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Chapter 3: Sweet Breads

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Great banana bread is a valuable staple recipe because it can be a perfect gift, a satisfying snack, and an energy-packed way to start the day. Bananas contain potassium, which can help regulate blood pressure and help muscles to contract properly without cramping up. The warm spices in this recipe also have health benefits such as regulating healthy glucose levels in the blood and lowering blood pressure.

1. Preheat oven to 350 degrees F.

2. In a large bowl, sift together the flours, baking soda, baking powder, salt, and spices.

3. In a small bowl, whisk together the eggs, maple syrup, coconut oil, and vanilla until well combined. Whisk the banana and shredded coconut into the wet ingredients.

4. Add the wet ingredients to the dry ingredients and stir together until just combined. Do not overmix the batter or the bread will be too dense.

5. Lightly grease a 9 x 5-inch loaf pan and dust it with the almond flour.

6. Spoon the batter in the loaf pan, and bake for about 55 minutes, until a knife inserted in the center comes out clean.

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Chapter 2: Savory Breads

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Some Paleo enthusiasts are adamantly against using yeast in recipes. However, the active yeast used in baking is closely related to the beneficial yeast found in fermented foods, so it can be included without guilt or adverse health reactions. When making this lovely bread, take care because yeast can be a finicky ingredient that needs a very specific temperature to rise. If your water is below 100 degrees F, a leaking amino acid creates a sticky dough, and if the water heats to over 130 degrees F, the yeast will die. This bread is lovely for sandwiches or when toasted with a dab of almond butter.

1. Pour the warm water into a large bowl and sprinkle the yeast on top. Let sit for about 5–10 minutes until the yeast starts to foam.

2. Add the eggs, coconut oil, apple cider vinegar, and honey to the yeast mixture, and stir to combine. Let mixture sit for about 3 minutes.

3. In a medium bowl, stir together the dry ingredients.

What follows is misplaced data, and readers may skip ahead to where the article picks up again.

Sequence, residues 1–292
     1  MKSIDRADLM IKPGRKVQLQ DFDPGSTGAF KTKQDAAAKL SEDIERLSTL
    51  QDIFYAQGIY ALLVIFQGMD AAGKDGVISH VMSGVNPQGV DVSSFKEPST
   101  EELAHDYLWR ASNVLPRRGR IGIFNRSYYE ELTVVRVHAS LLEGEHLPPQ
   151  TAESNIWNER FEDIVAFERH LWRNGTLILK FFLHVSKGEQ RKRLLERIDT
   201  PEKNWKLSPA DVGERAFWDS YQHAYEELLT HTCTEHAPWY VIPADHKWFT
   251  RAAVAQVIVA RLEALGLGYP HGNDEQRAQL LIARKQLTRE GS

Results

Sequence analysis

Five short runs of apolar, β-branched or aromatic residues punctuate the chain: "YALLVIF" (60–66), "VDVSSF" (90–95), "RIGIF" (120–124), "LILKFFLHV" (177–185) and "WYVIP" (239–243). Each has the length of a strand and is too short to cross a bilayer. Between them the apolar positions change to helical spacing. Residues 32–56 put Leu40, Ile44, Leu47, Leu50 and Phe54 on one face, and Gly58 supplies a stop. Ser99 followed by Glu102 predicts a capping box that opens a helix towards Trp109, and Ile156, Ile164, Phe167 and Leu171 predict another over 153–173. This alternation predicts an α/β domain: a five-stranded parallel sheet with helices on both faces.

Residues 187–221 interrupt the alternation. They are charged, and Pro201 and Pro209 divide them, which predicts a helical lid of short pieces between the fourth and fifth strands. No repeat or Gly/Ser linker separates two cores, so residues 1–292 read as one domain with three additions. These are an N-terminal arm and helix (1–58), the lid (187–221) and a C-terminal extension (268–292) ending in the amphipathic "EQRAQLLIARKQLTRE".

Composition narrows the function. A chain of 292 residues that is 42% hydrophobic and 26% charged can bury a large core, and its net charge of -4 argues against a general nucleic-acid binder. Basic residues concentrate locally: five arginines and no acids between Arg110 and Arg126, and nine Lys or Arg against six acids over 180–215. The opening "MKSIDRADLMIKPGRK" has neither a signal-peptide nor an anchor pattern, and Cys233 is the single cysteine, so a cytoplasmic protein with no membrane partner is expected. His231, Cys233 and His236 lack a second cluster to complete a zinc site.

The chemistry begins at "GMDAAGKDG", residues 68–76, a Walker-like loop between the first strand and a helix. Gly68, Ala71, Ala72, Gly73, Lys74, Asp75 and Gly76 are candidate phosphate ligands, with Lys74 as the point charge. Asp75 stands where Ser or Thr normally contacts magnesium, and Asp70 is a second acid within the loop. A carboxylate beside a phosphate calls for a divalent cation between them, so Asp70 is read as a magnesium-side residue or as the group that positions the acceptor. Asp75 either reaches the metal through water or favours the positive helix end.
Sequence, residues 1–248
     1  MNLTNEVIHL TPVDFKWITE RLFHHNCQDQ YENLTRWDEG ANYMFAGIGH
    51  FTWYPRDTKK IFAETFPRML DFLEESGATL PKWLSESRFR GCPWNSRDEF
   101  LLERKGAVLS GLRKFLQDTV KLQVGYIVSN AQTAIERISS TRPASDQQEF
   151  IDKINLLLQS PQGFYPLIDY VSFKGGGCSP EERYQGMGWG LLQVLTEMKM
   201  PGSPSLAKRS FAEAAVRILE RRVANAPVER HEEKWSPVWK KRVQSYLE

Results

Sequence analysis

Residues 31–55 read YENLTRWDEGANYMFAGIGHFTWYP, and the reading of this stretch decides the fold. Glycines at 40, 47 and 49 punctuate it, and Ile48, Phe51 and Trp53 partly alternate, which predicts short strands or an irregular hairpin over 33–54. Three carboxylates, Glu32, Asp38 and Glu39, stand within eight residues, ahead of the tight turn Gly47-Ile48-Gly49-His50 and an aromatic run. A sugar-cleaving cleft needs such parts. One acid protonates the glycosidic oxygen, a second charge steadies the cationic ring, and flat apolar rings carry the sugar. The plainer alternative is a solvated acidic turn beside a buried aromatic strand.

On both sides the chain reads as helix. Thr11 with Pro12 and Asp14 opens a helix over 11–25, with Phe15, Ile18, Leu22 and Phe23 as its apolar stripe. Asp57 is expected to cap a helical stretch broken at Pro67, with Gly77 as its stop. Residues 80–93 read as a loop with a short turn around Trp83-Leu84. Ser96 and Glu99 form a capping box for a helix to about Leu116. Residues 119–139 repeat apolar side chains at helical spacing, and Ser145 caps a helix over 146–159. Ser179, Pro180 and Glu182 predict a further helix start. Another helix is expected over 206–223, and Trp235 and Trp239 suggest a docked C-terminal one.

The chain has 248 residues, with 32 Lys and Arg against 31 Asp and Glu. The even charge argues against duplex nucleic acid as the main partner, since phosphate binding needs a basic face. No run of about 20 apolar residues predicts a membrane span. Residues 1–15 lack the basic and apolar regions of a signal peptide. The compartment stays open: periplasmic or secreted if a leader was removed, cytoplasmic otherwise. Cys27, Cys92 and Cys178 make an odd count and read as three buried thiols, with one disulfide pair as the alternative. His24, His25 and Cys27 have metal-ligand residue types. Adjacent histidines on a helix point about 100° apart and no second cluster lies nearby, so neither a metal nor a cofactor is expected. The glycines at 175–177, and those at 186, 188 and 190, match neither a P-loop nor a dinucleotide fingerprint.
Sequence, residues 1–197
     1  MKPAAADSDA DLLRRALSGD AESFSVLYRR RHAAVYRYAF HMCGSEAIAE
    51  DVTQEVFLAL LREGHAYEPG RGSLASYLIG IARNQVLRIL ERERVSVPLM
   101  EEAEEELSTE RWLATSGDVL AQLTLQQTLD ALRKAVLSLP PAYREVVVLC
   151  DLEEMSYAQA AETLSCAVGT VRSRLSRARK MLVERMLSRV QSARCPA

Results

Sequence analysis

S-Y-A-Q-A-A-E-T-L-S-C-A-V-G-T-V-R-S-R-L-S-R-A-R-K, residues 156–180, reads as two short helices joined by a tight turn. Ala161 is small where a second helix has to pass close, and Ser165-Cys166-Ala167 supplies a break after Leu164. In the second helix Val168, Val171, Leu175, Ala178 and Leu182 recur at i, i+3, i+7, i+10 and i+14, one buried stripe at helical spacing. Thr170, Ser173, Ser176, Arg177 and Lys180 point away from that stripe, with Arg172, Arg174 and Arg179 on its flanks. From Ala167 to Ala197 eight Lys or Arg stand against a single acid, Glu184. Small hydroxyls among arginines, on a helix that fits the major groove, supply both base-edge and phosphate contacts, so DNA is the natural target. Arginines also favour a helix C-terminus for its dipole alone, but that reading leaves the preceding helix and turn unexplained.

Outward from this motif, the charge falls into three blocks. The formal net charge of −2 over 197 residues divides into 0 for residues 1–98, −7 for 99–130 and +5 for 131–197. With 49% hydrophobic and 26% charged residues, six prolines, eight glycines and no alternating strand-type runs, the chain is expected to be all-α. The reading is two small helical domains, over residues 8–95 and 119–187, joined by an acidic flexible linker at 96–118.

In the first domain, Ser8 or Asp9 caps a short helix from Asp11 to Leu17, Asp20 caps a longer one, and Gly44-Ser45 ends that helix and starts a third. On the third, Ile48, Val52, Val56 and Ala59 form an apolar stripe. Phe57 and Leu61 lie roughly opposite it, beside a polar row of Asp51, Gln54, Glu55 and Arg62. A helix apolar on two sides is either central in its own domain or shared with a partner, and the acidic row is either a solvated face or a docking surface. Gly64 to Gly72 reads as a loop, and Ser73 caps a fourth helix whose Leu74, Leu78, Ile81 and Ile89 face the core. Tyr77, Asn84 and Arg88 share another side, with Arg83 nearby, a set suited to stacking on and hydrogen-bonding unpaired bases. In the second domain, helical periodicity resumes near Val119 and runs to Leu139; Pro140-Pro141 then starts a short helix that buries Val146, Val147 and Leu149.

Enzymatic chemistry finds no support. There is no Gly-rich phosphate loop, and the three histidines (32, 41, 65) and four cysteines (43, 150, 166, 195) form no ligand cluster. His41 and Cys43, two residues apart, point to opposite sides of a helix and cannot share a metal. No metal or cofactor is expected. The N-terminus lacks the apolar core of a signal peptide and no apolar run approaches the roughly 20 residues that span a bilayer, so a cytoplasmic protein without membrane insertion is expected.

4. Add the dry ingredients to the wet ingredients and mix, by hand if you have to, until well incorporated.

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Chapter 4: Flatbreads, Rolls, Muffins, and Pizza Dough

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Chapter 9: 10 Tips for Living Paleo

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Just as with any change, adjusting to the Paleo diet will take you some time. After all, you’re not only changing your diet, you’re changing the way you think about food. Ingredients that you’ve known and loved for most of your life are now strictly off-limits. If you’re allowing yourself to have caffeine (which many Paleo dieters do not), then it’s probably the only part of your morning meal that will remain the same.

Now you’re going to be eating plenty of fruits, vegetables, and lean proteins, so you shouldn’t ever be hungry. If you are, just eat something! You’re not going to be counting calories, but you still need to be cautious about what you eat because, just as in most diets, all Paleo-approved foods are not equal. You’re going to hit some rough spots, too, so here are some tips to get you through.

If you’re serious about changing your lifestyle and want to be successful with your transition, submerge yourself in it completely. Clear all of the non-Paleo foods from your pantry and your refrigerator, and head to the grocery store. Don’t buy anything that isn’t on your list, and don’t stop for a “final burger” on your way home.

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Chapter 7: The Trouble with Gluten

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We’ve discussed many of the health benefits of switching to a Paleo diet, but one of the main benefits is that the foods enjoyed in the Paleo diet don’t have gluten in them. For millions of people worldwide, eating caveman-style is a relatively simple way to avoid digestive upset and even the cancers that are caused by an allergy to gluten.

Latin for “glue,” gluten is a protein found in wheat and grains that gives ground flours elasticity and helps them to rise. It’s also the binding component that gives bread its chewy texture and keeps it from crumbling apart after baking. Gluten can be removed from flour because it is insoluble in water. Typically when you remove the gluten, you also lose all of the good properties that make breads and cakes what they are.

Without gluten, your baked goods won’t rise and they’ll have a grainy, crumbly texture. They won’t taste anything like their gluten-laden cousins, and you probably won’t want to eat more than the first bite. Because of an increasing demand for gluten-free products, food corporations have dedicated a tremendous amount of time and money into creating tasty, effective, gluten-free products. Unfortunately, most commercially prepared gluten-free recipe mixes still fall short.

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